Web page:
I even had to think about that. How does one mature as an author? I write books, I turn them in, I've never been asked to rewrite them, and my sales are good. Why mature? Because my whole being is connected, that's why. My brain, soul, creativity are one. The silliest thing I've ever heard is 'leave your problems at the door', and it's usually expected of anyone working under a management system that doesn't understand that we are one. whole. person. We don't come in bits and pieces. I cannot disconnect my soul, out of which creativity flows, from my brain, which analyses all of that information and my body, which causes my fingers to type the words. As my personal self is maturing so is my writing and the process out of which I create.
It took me a long time before I could identify the various factors of my season of difficulty in writing; the personal stuff, expectations, my own obsession with perfectionism, fear of failure, and moving into a new process that doesn't leave any more room to sit around and wait for it to start. I wish I could have submitted to the nagging to move to another story when I was struggling, or even to reach out and ask for advice. Brother is right - creativity is a well and it needs to remain topped up. If you're emptying yourself in music for other people then you need to refill the tank for yourself in another way. Even if it's playing or singing in private, or perhaps it's a completely different form of creativity. I'm much better at singing than I am at playing violin but sometimes it's easier to just pick it up and play Waltz rather than find the backing track to another West End (Broadway) musical. Sometimes I go for a walk, see a house and instantly another book has just been created. If you don't fill the tank but you keep emptying it, you will run dry. Even if something is a talent or gift for you. I went for over a year in one very solid process and routine (of not having a routine) and as the world around me shifted (personal, digital, familial, etc) so did my output. If you disconnect yourself and find that you can create and create and create without any kind of refilling then I would say I'm not sure I believe it. Creative is a very broad term and it's interpreted very personally. Quiet time reading is creative. Cooking is creative. Those things replace what you give away. In conjunction, maturing is a never ending process (I hope) and growing pains manifest in various ways. For me it was emotional and it happened to connect deeply with my writing process and how it behaved when I tried to use my old technique.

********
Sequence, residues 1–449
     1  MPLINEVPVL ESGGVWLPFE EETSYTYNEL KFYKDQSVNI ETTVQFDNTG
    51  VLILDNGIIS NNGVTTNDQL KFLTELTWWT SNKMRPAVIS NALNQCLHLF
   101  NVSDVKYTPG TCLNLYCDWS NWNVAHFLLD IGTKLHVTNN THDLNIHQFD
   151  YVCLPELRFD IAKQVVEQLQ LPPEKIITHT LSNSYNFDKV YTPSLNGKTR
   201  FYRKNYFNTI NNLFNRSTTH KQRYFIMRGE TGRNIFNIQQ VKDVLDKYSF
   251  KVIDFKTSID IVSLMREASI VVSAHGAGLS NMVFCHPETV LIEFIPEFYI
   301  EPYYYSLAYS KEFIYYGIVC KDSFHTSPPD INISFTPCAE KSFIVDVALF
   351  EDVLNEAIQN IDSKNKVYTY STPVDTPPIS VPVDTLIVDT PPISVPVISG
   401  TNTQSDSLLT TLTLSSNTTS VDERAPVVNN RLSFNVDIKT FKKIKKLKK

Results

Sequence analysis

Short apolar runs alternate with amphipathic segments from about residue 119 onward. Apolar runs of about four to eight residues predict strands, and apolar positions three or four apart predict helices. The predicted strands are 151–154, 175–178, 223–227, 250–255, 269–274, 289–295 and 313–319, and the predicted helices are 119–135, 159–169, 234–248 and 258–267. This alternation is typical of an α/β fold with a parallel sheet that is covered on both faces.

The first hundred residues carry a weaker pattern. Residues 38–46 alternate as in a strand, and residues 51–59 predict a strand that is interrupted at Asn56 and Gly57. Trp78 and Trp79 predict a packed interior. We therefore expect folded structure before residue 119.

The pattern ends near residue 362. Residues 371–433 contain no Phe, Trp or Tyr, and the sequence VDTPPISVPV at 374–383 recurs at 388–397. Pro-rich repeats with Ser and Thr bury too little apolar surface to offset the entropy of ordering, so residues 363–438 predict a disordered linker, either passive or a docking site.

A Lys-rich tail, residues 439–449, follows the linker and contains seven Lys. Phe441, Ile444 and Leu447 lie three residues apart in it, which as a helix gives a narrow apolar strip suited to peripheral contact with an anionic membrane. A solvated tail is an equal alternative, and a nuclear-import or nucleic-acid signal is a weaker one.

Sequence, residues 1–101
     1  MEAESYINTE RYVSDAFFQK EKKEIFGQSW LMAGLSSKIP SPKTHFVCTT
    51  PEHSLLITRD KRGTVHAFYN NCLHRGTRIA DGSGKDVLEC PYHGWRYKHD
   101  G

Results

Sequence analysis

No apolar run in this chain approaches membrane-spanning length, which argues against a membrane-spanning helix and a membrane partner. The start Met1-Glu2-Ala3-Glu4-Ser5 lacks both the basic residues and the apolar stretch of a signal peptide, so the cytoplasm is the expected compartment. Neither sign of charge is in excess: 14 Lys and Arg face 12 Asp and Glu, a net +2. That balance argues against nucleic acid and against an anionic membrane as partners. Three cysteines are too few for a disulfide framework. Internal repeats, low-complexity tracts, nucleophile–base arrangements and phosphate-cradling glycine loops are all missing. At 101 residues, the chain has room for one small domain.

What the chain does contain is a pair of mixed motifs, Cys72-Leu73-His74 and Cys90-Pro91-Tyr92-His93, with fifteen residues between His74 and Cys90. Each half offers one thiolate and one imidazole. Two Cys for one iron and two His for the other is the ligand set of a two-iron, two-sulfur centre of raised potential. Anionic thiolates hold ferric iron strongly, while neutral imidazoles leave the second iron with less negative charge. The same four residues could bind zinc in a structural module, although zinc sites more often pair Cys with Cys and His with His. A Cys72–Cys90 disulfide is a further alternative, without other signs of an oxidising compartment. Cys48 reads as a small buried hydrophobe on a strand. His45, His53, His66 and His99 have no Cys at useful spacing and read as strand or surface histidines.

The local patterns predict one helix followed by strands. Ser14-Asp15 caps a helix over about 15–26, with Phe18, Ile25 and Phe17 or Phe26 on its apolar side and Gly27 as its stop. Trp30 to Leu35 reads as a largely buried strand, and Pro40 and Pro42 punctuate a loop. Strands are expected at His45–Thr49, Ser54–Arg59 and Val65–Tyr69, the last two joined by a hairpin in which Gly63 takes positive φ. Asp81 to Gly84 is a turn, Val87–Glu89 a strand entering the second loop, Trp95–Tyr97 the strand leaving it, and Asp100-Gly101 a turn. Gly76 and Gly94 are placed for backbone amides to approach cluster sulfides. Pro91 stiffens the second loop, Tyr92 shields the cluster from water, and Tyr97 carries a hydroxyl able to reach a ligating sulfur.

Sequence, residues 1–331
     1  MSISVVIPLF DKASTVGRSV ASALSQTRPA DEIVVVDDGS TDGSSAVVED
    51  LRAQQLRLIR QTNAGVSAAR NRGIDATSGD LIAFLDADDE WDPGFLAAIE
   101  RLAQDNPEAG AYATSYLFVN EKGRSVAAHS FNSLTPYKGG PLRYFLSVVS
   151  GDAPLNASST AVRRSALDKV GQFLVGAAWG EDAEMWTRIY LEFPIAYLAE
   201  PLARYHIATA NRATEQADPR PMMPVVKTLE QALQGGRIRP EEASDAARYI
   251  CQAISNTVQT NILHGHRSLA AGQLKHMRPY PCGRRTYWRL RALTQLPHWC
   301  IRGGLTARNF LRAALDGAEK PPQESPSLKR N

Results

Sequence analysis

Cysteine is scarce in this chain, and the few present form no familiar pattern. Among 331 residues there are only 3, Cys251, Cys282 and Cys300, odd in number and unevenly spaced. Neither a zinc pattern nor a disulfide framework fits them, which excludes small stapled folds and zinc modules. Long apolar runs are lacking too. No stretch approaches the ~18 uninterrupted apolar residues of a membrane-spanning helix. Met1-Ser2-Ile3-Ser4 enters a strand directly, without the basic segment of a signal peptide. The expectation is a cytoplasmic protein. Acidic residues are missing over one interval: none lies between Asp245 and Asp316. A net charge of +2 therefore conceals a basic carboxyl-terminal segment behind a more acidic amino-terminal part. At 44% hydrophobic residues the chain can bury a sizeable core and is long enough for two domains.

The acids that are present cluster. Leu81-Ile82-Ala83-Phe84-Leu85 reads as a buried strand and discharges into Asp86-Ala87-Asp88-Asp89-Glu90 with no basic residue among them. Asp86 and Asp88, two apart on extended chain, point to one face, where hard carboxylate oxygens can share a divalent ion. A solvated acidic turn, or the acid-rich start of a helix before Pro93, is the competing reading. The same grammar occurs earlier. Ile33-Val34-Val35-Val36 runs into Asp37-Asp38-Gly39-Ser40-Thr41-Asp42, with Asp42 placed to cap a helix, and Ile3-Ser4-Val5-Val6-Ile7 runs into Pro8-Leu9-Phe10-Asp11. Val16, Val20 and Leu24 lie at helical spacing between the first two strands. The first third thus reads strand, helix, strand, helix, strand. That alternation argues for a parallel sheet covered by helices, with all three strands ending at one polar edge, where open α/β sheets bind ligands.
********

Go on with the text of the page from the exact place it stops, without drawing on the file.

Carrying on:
Don't let creating hurt, because it doesn't have to. It can and it will during your lifetime but it can be slow-moving or stifled wayyyyyyy before it hurts. Mind that you take care of yourself by refilling your tank and when you notice your processes changing, seek someone you trust in your industry and share your thoughts and feelings. Chances are, they have been there. Give yourself permission to have time for yourself. Stop working 100+ hours a week and getting nothing done because that causes you to work harder but not smarter. Look at a few other areas of your life and see how you're responding to people and circumstances around you. You might be moving into a new season of your life and you just need to slow down, pay attention, and adjust accordingly. Yes, I will scream with you. I hate change too. Growing as an artist, musician, performer isn't mean to be easy but love shouldn't hurt (unless you're a spanko, then behave yourself and it won't) and love for your craft is why you operate in it, right?
Go fill your tank.